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Research demonstrates that teaching abstinence works! In survey after survey, students say that abstinence is what they want to learn. Self-control, self-respect, delayed gratification, planning for the future, and building healthy friendships are values that are essential for every aspect of successful living—not just in delay of sexual activity.
“My daughter had one choice. Either she was going down the aisle a virgin, or she was going down the aisle in a coffin,” says the author in pure hyperbole. Her point is this: Kids need clear sexual boundaries. The media, the classroom, and other voices send conflicting messages to our teenagers. Society teaches youth how to say no to drugs and alcohol, but not to sex. Parents, pastors, teachers, and youth workers must speak the same message: Sexual activity outside of marriage is unacceptable!
Author La Verne Tolbert brings a down-to-earth approach to teaching children and teens the importance of sexual purity. Using stories from everyday life, research examples, and Bible-based principles, she helps adults understand the why of the abstinence message and how to communicate that message effectively at home, how to monitor the message at school, and how to reinforce the message in our churches and in our communities.
Keeping Your Kids Sexually Pure gives those who care about kids the power to lay a firm foundation of sexual purity. With the sometimes fatal consequences of non-marital sex gripping our world today, here is a message whose time has come.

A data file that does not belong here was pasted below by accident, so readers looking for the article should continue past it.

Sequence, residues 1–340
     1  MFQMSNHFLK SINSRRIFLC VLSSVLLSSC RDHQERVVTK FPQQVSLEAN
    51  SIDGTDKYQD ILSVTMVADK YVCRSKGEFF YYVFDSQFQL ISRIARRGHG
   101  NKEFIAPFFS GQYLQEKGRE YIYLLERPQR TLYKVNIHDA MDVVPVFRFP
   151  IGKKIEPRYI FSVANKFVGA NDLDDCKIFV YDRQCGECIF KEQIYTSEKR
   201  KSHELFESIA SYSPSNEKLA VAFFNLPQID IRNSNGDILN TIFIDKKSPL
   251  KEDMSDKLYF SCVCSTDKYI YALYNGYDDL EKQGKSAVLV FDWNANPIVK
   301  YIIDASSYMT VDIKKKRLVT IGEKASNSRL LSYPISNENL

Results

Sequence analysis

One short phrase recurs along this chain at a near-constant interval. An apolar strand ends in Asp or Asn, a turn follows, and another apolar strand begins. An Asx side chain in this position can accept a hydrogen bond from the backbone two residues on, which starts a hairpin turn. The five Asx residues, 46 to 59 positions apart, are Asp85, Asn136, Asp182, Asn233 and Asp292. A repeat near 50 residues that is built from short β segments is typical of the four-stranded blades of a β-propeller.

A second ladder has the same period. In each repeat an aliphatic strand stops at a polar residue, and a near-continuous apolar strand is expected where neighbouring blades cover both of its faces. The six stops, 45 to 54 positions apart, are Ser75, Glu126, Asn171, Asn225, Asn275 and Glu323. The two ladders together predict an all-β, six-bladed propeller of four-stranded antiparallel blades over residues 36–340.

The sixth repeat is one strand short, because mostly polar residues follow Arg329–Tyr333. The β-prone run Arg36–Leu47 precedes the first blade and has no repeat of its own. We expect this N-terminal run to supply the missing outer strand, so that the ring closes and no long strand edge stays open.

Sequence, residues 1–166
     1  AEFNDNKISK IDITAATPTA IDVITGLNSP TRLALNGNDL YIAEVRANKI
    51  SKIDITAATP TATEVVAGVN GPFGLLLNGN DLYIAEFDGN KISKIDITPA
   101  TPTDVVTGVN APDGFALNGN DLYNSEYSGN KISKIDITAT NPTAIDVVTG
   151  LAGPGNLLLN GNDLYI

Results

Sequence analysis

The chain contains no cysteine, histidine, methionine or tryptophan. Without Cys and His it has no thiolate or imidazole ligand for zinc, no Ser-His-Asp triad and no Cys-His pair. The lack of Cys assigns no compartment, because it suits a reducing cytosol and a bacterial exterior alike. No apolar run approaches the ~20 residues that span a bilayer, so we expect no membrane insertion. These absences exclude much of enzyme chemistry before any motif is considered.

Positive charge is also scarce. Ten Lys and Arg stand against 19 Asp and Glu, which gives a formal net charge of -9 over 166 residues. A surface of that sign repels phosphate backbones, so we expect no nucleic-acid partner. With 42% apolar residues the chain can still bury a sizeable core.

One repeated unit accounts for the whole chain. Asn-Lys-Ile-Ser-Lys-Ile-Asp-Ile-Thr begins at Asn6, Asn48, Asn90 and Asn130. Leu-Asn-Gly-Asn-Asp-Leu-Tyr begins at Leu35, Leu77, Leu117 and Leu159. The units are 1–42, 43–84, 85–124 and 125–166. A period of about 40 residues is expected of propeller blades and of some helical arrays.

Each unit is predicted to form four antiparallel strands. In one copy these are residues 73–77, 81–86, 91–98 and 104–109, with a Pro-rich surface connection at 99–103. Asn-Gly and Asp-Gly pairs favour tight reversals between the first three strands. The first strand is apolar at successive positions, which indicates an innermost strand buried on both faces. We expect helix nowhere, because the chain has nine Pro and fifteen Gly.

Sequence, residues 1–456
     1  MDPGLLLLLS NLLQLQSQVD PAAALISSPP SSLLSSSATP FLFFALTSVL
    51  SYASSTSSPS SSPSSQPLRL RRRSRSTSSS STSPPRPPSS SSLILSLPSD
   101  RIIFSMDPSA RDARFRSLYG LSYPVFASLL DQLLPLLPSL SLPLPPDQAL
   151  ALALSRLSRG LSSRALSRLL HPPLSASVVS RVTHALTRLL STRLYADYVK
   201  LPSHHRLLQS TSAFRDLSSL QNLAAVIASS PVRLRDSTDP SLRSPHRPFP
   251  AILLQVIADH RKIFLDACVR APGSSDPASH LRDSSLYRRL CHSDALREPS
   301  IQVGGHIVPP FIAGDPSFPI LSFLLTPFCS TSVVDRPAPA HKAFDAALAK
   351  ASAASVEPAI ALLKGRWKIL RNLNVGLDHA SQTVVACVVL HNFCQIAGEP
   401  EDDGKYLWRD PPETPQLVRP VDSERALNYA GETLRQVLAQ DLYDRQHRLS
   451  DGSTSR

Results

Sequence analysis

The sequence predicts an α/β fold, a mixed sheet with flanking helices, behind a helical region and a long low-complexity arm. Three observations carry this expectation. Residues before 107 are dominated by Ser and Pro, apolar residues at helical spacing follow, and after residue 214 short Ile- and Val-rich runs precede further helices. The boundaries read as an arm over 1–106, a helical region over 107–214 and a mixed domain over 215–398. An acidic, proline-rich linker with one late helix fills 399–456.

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La Verne Tolbert (PhD, Biola University) is the founder of Teaching Like Jesus Ministries, which equips pastors, teachers, and volunteers in Christian education and children's ministries. She lives in Highland Park, California.Excerpt. © Reprinted by permission. All rights reserved.:
Lift up a standard for the people.
Isaiah 62:10 KJV
My daughter had two choices: Either she was going down the aisle a virgin or she was going down the aisle in a coffin. This, of course, is hyperbole. Restated, it means that in our home the boundary lines for sexual purity were clear: Nothing less than virginity was acceptable.
I looked into the eyes of this child whom God had given me to raise, my twin sister’s daughter. When she was born, I suggested naming her La Nej, which loosely means “snow” and for me was symbolic of a fresh, new beginning.
Eleven years later La Nej was in a foster home on Long Island, New York. Through prayers, letters, and urgent calls to the Department of Social Services, I was able to assume custody and flew three thousand miles to get my niece. I would later marry, adopt her, and raise her as my own daughter.
When I drove to the facility in upstate New York, the Holy Spirit was my navigator. I had no idea where I was heading, but I was determined to get there. The paperwork that would grant me custody was not yet final, but La Nej was permitted to come to Los Angeles on an “extended vacation.”
The child was distraught when I arrived at the foster care facility. I later learned that her foster mother had taunted her, saying I wouldn’t come for her after all. The quiet panic in her eyes turned to relief when she, standing outdoors despite the wintry weather, finally saw me walking toward her. “Kiss, kiss! Hug tight! Never let go!” she said as she wrapped her little arms tightly around my neck.